Especially when you consider that for many of us the loss of a parent occurs when we are considerably older and at least have the tools to deal with the loss (though, of course, the loss remains every bit as devastating) and yet in The Water Man, Gunner is having to deal with it barely into his teens.
It’s a lot for anyone to handle, with every last fibre of the panic and emotional stress this would cause etched out on Chavis’s face as he seeks to find out if the stuff of myth and legend might just be able to help him with a very real world here-and-now problem.
As the quote from the film at the start of this review makes movingly clear, hope is immensely, world-changingly powerful and even if it doesn’t play out the way you think it will, it can bring about change you never even knew you needed, something to which Gunner can attest by film’s end, and remake your world in ways that make life an infinitely better place than it was before you put all your faith in it and leapt into the void, hoping for a good and perfect landing.
It’s a gloriously good coming together of two richly-drawn characters, augmented by performances which dance between campishly hilarious and meaningfully intense.
It’s this seriousness of approach, that what is being told is an entirely possible if larger-than-life tale, that anchors the inherent silliness of Jungle Cruise, giving it a substantial core that makes all its spinning bits and impossible moments feel entirely, winningly, possible.
You know they’re not somewhere deep down but when you are being entertained this skilfully and well, then who the hell cares?
Jungle Cruise knows you need to run away, that you need just over two hours of brilliantly well-wrought, vivaciously over the top storytelling that takes its beautifully drawn characters, its sumptuously alluringly mythical exposition, and its heart-gladdeningly manically playful plot and runs with it with gleeful gumption and abandon, leaving you at the end as if the world, the tired, constrained, very small world in which you leave, might just be bigger and more magical than you ever gave it credit for.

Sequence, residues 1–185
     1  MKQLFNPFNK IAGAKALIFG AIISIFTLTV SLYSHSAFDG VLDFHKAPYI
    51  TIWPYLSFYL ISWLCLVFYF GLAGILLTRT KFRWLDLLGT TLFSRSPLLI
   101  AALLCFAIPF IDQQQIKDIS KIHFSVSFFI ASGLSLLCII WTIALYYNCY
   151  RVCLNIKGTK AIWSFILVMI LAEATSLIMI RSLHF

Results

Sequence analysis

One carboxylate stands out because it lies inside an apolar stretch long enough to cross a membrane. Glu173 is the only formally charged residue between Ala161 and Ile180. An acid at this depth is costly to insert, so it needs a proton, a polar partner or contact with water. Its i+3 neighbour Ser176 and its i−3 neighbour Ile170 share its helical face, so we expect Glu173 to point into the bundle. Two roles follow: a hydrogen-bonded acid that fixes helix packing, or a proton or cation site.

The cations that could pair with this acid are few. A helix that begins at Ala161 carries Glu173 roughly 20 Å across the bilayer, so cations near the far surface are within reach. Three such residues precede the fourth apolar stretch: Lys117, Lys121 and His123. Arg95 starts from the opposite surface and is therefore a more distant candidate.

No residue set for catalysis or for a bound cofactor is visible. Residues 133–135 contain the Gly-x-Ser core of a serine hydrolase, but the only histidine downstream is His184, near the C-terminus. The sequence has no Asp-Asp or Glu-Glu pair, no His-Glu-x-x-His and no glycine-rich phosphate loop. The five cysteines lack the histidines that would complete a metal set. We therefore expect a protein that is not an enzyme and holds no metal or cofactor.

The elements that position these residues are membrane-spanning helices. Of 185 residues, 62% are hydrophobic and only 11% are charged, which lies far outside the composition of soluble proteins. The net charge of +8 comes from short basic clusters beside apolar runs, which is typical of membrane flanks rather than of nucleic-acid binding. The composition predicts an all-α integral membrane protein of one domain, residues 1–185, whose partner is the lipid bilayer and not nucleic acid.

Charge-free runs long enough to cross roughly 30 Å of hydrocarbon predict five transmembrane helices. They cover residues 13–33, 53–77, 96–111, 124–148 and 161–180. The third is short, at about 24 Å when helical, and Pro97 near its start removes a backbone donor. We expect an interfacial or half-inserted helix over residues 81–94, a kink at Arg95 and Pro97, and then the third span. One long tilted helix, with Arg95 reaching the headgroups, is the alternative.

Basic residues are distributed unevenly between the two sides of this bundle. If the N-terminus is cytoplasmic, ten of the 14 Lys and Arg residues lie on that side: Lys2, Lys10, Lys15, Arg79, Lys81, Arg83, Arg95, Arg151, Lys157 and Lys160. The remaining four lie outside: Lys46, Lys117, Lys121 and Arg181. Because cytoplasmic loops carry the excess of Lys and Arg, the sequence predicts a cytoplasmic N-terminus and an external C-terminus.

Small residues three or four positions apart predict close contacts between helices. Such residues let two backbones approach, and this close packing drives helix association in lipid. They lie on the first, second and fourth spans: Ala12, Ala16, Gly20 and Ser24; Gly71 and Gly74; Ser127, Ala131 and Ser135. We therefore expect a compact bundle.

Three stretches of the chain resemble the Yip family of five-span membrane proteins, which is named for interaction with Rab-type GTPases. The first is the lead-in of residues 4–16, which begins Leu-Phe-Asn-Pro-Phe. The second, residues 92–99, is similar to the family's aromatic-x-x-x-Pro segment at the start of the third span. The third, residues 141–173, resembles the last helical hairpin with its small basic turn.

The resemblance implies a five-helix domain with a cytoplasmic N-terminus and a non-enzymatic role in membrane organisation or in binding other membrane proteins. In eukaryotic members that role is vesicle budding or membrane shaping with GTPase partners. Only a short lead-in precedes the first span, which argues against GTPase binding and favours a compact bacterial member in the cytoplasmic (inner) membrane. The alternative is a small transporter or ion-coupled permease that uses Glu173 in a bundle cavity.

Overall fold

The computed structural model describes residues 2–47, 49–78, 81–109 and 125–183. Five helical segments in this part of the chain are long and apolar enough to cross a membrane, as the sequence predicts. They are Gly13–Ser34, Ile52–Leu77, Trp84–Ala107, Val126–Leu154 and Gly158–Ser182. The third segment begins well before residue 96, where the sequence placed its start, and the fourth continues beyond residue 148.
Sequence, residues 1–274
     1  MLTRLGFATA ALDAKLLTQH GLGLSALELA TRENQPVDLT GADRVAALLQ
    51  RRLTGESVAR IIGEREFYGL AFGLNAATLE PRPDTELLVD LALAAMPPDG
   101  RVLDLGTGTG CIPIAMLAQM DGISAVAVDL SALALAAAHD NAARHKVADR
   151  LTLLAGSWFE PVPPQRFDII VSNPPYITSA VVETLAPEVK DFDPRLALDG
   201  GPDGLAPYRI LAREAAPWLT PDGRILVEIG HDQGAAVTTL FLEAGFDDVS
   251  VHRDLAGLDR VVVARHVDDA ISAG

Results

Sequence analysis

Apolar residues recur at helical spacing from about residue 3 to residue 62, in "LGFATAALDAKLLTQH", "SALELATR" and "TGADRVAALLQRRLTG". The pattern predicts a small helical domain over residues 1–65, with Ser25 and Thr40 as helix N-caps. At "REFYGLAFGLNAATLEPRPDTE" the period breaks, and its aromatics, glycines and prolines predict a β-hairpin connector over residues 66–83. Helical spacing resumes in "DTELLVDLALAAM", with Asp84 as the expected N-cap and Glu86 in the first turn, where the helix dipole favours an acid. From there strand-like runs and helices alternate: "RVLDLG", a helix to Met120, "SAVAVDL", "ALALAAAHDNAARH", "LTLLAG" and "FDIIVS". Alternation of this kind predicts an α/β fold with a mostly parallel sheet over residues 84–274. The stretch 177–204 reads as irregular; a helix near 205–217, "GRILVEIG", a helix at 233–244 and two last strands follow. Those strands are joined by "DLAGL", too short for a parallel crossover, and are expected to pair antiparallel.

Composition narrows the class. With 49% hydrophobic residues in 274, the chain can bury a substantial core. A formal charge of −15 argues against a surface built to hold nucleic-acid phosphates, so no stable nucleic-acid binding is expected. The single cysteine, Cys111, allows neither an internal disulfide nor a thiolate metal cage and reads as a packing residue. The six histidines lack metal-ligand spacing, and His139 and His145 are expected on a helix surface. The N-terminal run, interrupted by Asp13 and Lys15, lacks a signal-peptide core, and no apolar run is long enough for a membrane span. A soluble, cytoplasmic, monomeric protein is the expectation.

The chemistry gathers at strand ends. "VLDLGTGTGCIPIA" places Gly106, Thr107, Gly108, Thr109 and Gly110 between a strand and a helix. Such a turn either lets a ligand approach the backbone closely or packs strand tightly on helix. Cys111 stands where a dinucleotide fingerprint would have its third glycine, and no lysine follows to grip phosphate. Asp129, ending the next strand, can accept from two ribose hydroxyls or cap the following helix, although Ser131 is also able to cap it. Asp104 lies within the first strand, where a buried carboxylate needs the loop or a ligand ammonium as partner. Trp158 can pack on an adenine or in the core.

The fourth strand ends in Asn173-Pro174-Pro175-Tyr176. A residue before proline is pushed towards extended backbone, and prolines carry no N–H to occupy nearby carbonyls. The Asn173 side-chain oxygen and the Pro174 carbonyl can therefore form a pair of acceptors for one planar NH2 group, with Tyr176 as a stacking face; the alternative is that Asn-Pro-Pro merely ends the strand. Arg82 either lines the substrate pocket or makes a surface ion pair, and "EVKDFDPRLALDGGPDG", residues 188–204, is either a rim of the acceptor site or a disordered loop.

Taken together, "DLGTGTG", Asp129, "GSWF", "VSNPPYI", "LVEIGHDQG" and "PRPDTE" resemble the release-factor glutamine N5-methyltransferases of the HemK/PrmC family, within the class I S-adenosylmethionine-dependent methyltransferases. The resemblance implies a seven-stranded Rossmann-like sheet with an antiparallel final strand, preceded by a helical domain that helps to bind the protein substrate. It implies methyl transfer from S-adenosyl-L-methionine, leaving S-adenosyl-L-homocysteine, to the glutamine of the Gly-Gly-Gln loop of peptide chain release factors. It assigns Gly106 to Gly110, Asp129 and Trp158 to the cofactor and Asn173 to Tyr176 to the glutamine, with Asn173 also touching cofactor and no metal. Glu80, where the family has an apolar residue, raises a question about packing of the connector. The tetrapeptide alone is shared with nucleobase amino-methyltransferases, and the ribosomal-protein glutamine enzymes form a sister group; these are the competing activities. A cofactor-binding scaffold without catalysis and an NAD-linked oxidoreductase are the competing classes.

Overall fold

There are more than a few animated films work that feverishly overtime (and often fruitlessly) to make you feel something, but movies like Vivo (and pretty much anything by Pixar) do it near effortlessly because they prioritise rich humanity, fully-dimensional characterisation and delicate, affecting balance of the serious and the silly, reflecting the fact that life often has both in equal measure and often at the same time.
It recognises too that we need relationships and closeness to others, and that while life’s cruelly sad moments may intervene to rob us of that from time to time, often devastatingly, that healing and hope are possible and keen motivators to get us back to the land of the engaged and the connected where the most marvellous and wonderful things can happen, often when we least expect it.
Possessed of a wondrously selfless heart, a burning need to do the right thing for someone you love, and a manic heartfelt zestfulness that finds expression in Miranda’s superbly alive songs and a screenplay by Kirk DeMicco and Quiara Alegría Hudes that never puts a single toe-tapping foot wrong, Vivo is a balm for the COVID weary soul, a joy for the griefstricken and a beautiful, emotion-infused reminder that life can come back alive when we seek not necessarily happiness for ourselves but for others and that maybe, just maybe, having someone special by our side can be the best thing that ever happened to us.
Tove reaffirms that no matter how highly you hold a creation aloft, that it comes always from a very human, often benignly flawed place and that by understanding who gave it life, you can appreciate its wonder, beauty and fun all the more.
Certainly that is the case with Jansson who comes across as a supremely thoughtful, deeply feeling and immensely talented person, someone as capable of writing a comic strip as painting breathtakingly beautiful art, but also a person who, like almost all of us, isn’t ever entirely happy with who she is, what she does and who she loves.